by Raven Yu

Astronomy is a very interesting field. From the craters on our moon, the wonderful cluster of stars, to the solar prominences of our Sun -- I find these things simply amazing. Since early times, people have been interested in observing and learning about the Universe. Today many people enjoy astronomy as a hobby and some even go on to astronomy as a career. But aside from scientists, people from many professions can now become involved in the study of the Universe and make important contributions.

74009 10151230135899947 2014878196 n

Getting involved in astronomy can happen on many levels. You can admire the stars with a group of like-minded amateur astronomers, take courses at the college or university level or even participate in astronomical research.

Observe from your own backyard

Astronomy doesn't need to involve sophisticated, expensive equipment or any equipment at all. In fact - some basic information and activities can help you to enjoy astronomy as a hobby from your own backyard or nearby. Some of the many things that you can see from your own backyard include the changing phases of the moon, and various star positions. You can observe the various constellations in the sky during different seasons of the year, and things like the Big and Little Dippers. You can also see Messier objects with the naked eye.

More amateur astronomers nowadays also engage in astrophotography. Pictures of the objects that you can observe in the night sky can be taken through a telescope using either a traditional camera, or a digital camera with pleasing results.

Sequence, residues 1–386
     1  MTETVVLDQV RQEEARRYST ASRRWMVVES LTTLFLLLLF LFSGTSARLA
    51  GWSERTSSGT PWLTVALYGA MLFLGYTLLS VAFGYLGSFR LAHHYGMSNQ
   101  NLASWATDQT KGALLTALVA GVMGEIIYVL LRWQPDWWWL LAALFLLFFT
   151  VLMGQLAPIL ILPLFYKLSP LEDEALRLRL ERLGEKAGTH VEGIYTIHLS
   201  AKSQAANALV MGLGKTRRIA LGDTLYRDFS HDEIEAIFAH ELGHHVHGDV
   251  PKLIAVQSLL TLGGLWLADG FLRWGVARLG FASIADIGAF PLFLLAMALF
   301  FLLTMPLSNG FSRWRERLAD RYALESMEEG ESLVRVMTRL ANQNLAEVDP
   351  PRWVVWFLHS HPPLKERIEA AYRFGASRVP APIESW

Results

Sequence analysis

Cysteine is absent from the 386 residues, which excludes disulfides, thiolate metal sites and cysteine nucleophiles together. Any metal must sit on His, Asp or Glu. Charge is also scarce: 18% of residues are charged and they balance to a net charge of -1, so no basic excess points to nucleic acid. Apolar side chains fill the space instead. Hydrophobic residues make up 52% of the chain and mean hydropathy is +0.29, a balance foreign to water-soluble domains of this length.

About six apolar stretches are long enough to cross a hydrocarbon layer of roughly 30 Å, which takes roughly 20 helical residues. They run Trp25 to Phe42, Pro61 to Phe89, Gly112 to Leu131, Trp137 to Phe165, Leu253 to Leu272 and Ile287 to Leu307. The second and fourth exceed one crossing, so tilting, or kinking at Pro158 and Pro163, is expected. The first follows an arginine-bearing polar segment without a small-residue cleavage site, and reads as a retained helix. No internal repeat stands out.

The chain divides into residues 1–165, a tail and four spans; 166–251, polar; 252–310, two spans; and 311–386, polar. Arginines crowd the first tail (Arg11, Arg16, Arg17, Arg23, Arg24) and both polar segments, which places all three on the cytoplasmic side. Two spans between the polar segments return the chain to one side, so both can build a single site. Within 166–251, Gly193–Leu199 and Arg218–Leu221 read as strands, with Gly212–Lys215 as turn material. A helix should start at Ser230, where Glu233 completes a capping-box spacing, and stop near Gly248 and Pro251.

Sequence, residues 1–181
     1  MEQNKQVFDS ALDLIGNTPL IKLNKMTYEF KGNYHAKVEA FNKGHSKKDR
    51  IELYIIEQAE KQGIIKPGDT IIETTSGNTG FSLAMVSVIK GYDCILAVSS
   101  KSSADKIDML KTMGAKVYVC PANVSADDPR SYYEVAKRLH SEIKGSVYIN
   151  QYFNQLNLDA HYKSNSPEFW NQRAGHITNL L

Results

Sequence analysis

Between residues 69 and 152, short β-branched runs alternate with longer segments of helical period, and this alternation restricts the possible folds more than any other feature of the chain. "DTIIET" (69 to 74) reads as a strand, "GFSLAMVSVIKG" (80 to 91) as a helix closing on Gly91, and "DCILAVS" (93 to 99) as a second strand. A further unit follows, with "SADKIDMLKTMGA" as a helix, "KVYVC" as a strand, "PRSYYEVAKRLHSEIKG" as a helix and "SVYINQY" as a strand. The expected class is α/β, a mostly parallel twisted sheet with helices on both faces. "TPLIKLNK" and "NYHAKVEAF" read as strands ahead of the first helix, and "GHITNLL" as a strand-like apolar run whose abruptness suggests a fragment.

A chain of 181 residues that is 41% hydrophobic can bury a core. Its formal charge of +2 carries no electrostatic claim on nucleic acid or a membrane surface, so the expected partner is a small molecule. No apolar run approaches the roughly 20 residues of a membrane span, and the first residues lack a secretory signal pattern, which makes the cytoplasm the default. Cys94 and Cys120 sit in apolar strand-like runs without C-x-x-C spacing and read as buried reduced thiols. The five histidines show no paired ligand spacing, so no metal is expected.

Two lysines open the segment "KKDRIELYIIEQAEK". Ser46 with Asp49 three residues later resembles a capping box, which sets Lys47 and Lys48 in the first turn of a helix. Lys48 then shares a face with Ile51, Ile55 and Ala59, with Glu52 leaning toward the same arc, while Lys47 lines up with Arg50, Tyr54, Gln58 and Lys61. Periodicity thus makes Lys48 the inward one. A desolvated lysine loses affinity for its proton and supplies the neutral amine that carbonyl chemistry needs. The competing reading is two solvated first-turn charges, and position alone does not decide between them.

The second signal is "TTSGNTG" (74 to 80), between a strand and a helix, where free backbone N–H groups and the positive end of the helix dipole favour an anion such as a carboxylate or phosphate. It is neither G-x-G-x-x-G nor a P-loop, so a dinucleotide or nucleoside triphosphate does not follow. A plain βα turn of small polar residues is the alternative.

The best way to learn your sky is to find some good, clear, dark skies, and to get out there and explore it! Bright lights from street lamps, buildings, houses and other sources inhibit the light from objects in space, making them more difficult to see.

Join amateur astronomy clubs

As with any hobby, amateur astronomy can seem a little intimidating for those who are just beginning. Beginners can have a lot of questions about astronomy as a hobby and about astronomy in general. Assuming that you have no background in math, no background in physics, and that you’re interested in exploring the Universe, and possibly contributing to what we scientifically know. The first thing to do is visit your local amateur astronomy club. Go to observing sessions, try others' telescopes, attend lecture series, workshops and more. You will learn a lot.

188624 1442530442292 1804035183 817417 1320692 n

Free telescope viewing by astronomy clubs during the celebration of the National Astronomy Week in the Philippines (NAW) in February 2011. Image credit: Julee Olave

Astronomy online

Astronomy is becoming more and more accessible through online networking. Get to meet people who share your astronomical passion and discuss theories, new astronomy discoveries and your amateur astronomy sightings. Find the best astronomy websites, top astronomy products, buy the cheapest accessories deals, find new and used telescopes and watch and upload your astronomy videos.

A lot of astronomy clubs, including my home club in the Philippines – the University of the Philippines Astronomical Society, are working on attracting new members and are taking advantage of as many communication avenues as possible, including social networks. Professional observatories, working on public outreach as part of their mission, are also using social networking as a tool to communicate with other professionals and with the public.